I have installed over a hundred of these motors, and have had a lot of happy customers. But there have been issues with controllers failing – these failures all happened on bike’s that had 52v batteries fitted.

The most reliable of the Bafang mid-drives are the 36v 250w / 350w BBS01 variants, I have only ever had one failure reported with this model.

If you can live with the potential issues, that may arise, these really are excellent motors and well worth the money!

For more information on the Bafang mid-drive kit, I have posted a full review of the BBS01 250w and the BBS02 in separate posts.


2. Tongsheng TSDZ2 Mid-Drive eBike Conversion Kittongsheng tsdz2

I absolutely love the Tongsheng. It is a cracking little mid-drive motor for the money. If you are after Bosch-like performance for a fraction of the price, then this is the kit for you.

As I have stated in my full review of the TSDZ2 this is a good system, and like the Bafang BBS01 / BBS02, it is available in 250w / 350w / 500w / 750w versions.

For those of you unfamiliar with this motor. It uses a torque sensor for pedal assist, meaning it will give you power, proportionate to the amount of force applied to the pedals (much like the Bosch system). The benefits of this system are, it gives you an enhanced cycling experience rather than just giving you power whenever the pedals are turned. In other words, you still have to put a bit of effort in.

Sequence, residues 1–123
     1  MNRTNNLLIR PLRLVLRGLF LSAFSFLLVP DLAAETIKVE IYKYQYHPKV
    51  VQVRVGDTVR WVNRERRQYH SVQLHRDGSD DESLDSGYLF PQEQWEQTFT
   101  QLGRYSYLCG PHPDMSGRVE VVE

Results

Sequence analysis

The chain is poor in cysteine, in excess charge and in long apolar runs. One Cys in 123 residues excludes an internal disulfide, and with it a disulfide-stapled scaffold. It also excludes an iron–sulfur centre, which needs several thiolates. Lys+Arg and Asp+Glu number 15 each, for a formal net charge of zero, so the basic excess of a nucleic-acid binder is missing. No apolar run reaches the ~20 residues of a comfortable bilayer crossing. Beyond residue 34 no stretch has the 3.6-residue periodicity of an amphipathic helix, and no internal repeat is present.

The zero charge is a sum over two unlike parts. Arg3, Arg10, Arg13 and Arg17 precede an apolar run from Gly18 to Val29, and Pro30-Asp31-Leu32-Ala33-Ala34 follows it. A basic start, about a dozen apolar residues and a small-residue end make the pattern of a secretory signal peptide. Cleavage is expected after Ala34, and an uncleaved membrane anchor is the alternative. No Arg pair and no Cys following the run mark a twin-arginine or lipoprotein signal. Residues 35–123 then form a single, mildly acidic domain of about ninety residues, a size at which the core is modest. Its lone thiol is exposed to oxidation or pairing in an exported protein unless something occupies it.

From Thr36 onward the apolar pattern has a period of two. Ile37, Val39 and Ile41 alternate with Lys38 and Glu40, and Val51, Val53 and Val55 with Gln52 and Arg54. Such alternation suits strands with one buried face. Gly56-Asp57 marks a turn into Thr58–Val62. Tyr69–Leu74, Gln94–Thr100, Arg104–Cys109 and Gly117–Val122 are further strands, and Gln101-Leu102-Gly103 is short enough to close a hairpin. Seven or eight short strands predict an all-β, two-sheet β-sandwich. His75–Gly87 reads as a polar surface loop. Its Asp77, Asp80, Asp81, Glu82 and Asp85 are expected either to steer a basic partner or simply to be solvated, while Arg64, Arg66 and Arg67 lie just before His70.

What’s included in the kit

  • Tongsheng TSDZ2 mid-drive electric motor
  • LCD Display
  • Speed Sensor with spoke magnet
  • Installation spanner / tool
  • Motor fixing plate (and fixings)
  • Motor lock-rings
  • Wiring loom

Is this kit easy to install?

Mid-drive motor installation requires the complete removal of the bike’s bottom bracket. You will need to have the right Shimano bottom bracket tool for the job, and also a decent breaker bar. Removing the bottom bracket can be a right pain (literally!) but thankfully once this job is done the rest is fairly easy. Once you have removed the bottom bracket you will need to clean the area and possibly use a little sand paper to prepare the shell for insertion of the motor axle.